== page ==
A table top is something that shows any defects and brush marks. It would be better if you got the equipment to spray the finish. You don't have to buy the top of the line sprayers for wood finishes. I use a sprayer from harbor freight which costs about 25 bucks.

Anyway if you are going to brush the finish you could use Sherwin Williams interior oil based polyurethane. Use as soft a paint brush as you can find and brush each coat on as thin as possible with as few strokes as possible. If you overbrush it, it introduces more air in the finish and sets up faster and shows the brush marks more. Just brush it on and keep moving with it. It should flow out and level on it's own. If you miss a spot don't go back, catch it on the next coat. If you can find a supplier, Behlen Rock Hard Table Top Finish would be a better choice. It is formulated just for a table top.
 

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Log dog
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Hi Sheri.
Yea I'm no fan of helmsman spar urethane (aka) marine varnish.
If I were you I would use a wipe on poly. It's fool proof and you just wipe it on with a lint free terry cloth (white) after the finish is dry, you can lightly sand with 220 and then wipe off sanding dust.
Remember to lightly sand. Your just scuffing the top so the next coat will adhere to it and remove dust nibs. If your sanding between coats and its gumming up your sandpaper, than the finish isn't dry enough.

I've had pretty good results using those foam brushes, but you have to get the good ones.
Not the cheap ones. You can tell.

I've also used a bristle brush with very good results. Use a china bristle brush. Their pricy, but worth it.

If your having streaks, it's probably from brushing on to fast. Try slowing down a bit.
Light coats is best. It'll dry faster and you can add a couple of coats per day. Depending on the whether.
Hope this helps and let us know how it goes.
Good luck.
 

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Discussion Starter · #6 ·
Restrip?

Thank you guys so much for all of the great advice! I really appreciate it! Steve Neul, I stripped it with Klean strip stripper and let it sit for 30 min, scraped it off, did it again which removed all the poly but the stain didn't come out much. I brought it inside and did a layer of citrus stripper but no more stain came out so I figured most of it was set in there for good so I then applied the Klean strip after wash with a rag and more stain came out with that but I figured it was not going to get it all since there was so much in there that I just washed the stripper residue off with the after wash, let it dry overnight and applied 1 coat of stain this morning. It was still wet in the picture so I have added a couple more pictures now that it is dry. This has nothing over the stain and I did not add conditioner before the stain, I did that the first time when it was bare wood, but didn't know if it would work since there was already stain in there. Do you still think I need to restrip? And if so what should I use to get all of the stain out? Dominick - I do have some blue towels so that will work, and I can get a china bristle brush online too if you think that will work better. I'm also not opposed to getting a spray gun if that is the best option, I just have a knack for over spraying everything in a 20 ft radius and since I am only refinishing the top I don't want to get anything on the rest of the table. :)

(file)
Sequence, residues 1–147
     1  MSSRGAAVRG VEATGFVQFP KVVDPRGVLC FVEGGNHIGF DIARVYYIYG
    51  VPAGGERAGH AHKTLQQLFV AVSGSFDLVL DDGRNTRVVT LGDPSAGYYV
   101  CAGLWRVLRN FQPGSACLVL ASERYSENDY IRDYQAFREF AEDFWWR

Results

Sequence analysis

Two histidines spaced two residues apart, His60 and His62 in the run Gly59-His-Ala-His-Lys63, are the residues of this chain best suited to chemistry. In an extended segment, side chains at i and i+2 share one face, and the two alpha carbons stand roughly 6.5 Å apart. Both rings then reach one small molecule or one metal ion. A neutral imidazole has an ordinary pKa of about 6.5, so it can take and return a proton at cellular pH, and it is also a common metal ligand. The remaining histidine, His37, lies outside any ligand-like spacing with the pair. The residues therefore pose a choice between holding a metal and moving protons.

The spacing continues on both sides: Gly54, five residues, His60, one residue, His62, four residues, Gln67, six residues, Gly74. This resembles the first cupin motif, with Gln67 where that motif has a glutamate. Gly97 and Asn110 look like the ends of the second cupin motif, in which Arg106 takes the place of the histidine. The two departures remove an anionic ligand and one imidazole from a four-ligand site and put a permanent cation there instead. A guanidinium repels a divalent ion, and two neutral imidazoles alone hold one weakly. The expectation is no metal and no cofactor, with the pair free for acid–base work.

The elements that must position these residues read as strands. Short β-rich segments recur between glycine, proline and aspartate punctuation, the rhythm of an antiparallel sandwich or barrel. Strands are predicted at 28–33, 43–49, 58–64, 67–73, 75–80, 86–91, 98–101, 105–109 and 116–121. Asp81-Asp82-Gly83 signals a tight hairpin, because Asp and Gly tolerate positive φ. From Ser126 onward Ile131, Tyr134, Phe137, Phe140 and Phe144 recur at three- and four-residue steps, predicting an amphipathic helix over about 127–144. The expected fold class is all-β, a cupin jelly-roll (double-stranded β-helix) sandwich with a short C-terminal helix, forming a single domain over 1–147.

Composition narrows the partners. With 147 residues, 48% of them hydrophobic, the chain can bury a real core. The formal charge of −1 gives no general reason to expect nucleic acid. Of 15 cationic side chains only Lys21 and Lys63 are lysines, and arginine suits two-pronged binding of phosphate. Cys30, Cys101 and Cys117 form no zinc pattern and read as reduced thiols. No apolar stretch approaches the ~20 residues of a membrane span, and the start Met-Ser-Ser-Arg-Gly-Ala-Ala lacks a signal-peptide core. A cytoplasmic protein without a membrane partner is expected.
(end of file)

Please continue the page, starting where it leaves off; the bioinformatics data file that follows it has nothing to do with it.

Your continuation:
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Log dog
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You can get a china bristle brush at most hardware stores.
I'd go with the wipe on if it were my first time finishing. Not those blue shop cloths.
Terry cloth.
 

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Perhaps it's just in the photography but these white places concern me. Normally a place like that appears when a finish doesn't adhere right. You see removers like Kleen Strip have paraffin in them to keep the methylene chloride from evaporating so fast. If this wax isn't thoroughly cleaned off the wax can prevent the new finish from adhering. I use Kleen Strip and it is intended to be a water wash remover. I normally use a 1500 psi power washer to remove the residue off. You can also use lacquer thinner frequently changing rags to get this residue off. If there is any doubt that there is some stripper left under the finish it might be worth your time to go ahead and take it off now while you are working on it.